M: Now that most of the members have kids or other responsibilities, has the band found a balance of life and art that works well for all of you?
D: I guess it’s everyone being aware of the others having their own things outside of the band, be it career or family—everyone has to understand that other things have to take priority sometimes. If we have to cancel practice or a show for a family emergency, no one’s allowed to lose their shit about it, they have to realize other things come first. At the same time everyone realizes we’ve worked really hard to get to this point and we have to make sacrifices. Sometimes we’d only be able to get together after 9:30 p.m., because of my work schedule, but one of our members works at CHEO and another is a schoolteacher so these people have to get up at 6 a.m. even after practicing until midnight or 1 a.m. It’s them saying, “I’m willing to do this because it’s the only way to make it work with your life.” I think it’s that trade off and a mutual understanding of others’ circumstances.
It’s really the only way we’ve been able to exist this long. Cause in other bands it was our whole existence and that can be too much time together. We’d just get cabin fever. I think by giving each other a lot more space it makes the experience a lot stronger when we come together.
M: For this record, you decided to go the Pledge Music route, what about it worked for the band and what initially attracted you to it?
D: We’ve always had a pretty strong connection with our fan base and we’ve operated almost entirely without record labels so this just seemed like the next logical step to try to include them as much as possible. So we looked at the way that Pledge structured everything. The way it was organized, to be able to offer cool prizes and nurture a deeper connection to the people who come buy our records at our shows. With a lot of our shows there’s usually a point where our fans will come on stage and do a sing-a-long, a lot of our fans are close fans. And I like how it’s set up, not like asking people for donations because everything is based around the idea that if you pledge something you’ll get a copy of the record. And they’re part of the process, they contribute to the record, which is really cool for a lot of fans. As soon as they pledge they get updates from us in the studio and the feeling is that we’re all doing this together. It’s beneficial to not have to rely on a record label, to be making a record for the fans, with the fans.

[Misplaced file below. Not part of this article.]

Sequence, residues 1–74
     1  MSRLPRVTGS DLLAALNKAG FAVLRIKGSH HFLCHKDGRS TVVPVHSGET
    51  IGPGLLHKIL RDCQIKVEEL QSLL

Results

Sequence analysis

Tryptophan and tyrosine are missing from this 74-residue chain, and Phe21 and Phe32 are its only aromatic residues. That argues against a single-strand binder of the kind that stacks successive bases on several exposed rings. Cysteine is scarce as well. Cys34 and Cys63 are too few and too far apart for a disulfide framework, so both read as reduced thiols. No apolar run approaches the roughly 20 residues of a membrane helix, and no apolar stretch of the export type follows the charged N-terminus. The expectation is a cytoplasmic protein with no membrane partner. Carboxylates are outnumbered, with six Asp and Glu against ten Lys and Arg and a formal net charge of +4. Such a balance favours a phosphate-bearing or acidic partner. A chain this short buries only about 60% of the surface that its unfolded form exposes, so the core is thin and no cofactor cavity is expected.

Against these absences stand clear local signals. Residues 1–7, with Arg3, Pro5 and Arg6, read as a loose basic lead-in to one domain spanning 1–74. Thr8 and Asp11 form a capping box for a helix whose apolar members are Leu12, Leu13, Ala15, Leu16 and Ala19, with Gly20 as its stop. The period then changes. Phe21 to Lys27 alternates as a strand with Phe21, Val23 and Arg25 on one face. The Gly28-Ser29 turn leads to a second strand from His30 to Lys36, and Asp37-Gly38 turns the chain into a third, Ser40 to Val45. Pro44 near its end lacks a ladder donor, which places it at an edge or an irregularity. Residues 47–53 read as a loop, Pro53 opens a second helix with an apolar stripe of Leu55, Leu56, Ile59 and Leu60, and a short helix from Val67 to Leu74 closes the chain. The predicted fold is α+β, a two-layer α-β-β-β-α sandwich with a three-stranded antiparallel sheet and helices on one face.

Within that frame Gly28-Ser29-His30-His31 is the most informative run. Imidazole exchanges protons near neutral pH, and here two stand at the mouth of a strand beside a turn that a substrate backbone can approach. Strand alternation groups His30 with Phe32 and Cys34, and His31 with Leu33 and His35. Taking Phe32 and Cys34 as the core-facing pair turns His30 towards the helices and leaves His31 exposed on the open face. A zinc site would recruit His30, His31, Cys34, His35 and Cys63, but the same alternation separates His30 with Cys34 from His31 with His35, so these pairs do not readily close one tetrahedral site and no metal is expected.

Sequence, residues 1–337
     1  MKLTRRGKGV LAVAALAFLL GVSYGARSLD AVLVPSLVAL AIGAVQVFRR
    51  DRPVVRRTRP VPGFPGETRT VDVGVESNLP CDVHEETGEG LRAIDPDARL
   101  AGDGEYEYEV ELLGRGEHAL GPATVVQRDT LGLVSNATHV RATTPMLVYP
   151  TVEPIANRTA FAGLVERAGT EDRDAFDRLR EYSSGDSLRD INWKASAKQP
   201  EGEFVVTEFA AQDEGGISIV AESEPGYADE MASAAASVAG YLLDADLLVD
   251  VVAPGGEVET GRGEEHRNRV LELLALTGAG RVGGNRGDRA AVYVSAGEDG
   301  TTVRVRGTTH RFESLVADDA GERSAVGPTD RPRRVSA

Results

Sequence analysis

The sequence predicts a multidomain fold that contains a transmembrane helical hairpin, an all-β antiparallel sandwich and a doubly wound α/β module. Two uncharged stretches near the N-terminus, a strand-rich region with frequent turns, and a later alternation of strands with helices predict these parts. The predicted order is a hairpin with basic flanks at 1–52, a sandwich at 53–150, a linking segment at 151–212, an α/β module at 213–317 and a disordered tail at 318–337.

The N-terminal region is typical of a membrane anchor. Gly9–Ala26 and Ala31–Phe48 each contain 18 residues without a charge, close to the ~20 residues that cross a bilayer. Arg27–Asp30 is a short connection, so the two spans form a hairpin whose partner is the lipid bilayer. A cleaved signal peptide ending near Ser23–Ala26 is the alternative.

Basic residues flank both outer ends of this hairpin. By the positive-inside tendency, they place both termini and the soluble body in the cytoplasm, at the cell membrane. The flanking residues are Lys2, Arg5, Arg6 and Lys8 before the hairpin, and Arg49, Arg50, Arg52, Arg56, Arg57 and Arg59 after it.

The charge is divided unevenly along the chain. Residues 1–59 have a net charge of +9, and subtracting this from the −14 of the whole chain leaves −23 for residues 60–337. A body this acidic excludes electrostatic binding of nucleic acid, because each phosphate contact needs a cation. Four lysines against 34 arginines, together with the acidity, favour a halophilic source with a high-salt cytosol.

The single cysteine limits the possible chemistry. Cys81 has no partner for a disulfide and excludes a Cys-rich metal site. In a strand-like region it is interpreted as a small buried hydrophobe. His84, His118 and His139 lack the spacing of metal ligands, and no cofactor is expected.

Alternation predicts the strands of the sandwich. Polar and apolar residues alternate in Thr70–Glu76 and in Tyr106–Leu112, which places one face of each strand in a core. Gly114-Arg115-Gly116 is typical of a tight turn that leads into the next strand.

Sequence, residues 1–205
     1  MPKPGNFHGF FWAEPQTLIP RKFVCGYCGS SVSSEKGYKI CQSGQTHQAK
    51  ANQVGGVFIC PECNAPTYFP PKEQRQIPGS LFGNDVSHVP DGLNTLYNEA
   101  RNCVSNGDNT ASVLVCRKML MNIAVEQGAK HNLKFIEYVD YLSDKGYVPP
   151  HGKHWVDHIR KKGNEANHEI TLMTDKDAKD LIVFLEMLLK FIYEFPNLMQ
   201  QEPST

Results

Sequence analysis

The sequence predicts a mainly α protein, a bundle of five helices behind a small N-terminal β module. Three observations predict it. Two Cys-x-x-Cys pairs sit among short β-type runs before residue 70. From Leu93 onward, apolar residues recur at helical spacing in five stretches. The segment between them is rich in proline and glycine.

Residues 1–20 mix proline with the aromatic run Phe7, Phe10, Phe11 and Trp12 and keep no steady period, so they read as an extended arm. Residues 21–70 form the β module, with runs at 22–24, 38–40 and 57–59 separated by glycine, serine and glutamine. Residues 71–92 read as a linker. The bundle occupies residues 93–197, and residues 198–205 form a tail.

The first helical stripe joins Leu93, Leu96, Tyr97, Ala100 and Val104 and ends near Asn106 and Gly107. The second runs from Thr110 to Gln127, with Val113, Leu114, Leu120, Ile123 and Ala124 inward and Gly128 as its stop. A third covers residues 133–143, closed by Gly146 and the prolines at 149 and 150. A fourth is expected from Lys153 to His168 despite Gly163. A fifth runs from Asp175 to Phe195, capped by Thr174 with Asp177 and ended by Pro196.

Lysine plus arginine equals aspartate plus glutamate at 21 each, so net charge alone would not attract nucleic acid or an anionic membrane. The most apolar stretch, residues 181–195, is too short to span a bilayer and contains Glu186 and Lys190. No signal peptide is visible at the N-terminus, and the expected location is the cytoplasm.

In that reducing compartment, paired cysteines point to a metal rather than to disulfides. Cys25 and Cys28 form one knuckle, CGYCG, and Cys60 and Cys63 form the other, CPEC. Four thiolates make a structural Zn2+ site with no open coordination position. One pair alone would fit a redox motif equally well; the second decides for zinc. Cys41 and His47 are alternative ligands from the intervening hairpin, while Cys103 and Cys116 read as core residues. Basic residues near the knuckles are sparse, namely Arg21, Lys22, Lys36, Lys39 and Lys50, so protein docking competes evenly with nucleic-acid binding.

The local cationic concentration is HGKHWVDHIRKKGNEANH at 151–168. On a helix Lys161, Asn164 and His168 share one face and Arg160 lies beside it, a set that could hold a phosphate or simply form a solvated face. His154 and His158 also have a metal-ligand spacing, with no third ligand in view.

M: What are some of the things you’re offering when fans pledge?
D: There are things like the record, a signed copy of the record, special t-shirts and some of the cooler prizes are a private party with us, there’s a custom guitar with the record artwork painted on it, or John (our singer) will write a personal song for the pledger and record it for the purpose of having their own theme music for the rest of their life. There’s also handwritten lyrics to the full record and a spot in our next music video. We’re doing a pretty exclusive show in May at the Herb Garden in Almonte with limited seating but it’ll be the first playing of the full record, and we’ll be filming a DVD during that show. We look at some other pledge pages to get ideas for cool ideas and to think of things that no one’s done before.
M: Can you tell a little bit more about the album and what’s special about this record for the band?
D: Every song connects and ideally it would be listened to in one sitting as a 45-minute song, essentially. It’s a story from beginning to end so it’s not that different from albums we were influenced by: Ziggy Stardust, Abbey Road, and Pink Floyd records. To get back into the things that we got really excited about when we were younger: art that is directly related to the story or actually reading the lyrics and following the storyline. I think there’s always an evolution in our sound and we’re not necessarily going to do something like what worked for us in the past. Cause you definitely get both end of the spectrum on this. People in higher positions in the music industry say don’t make a concept record, that’s death, you’ll never get on the radio. But we’re willing to make one and if it completely fails then at least we tried it, if people like it then it’ll be a high point for us and we’ll do something different again next time.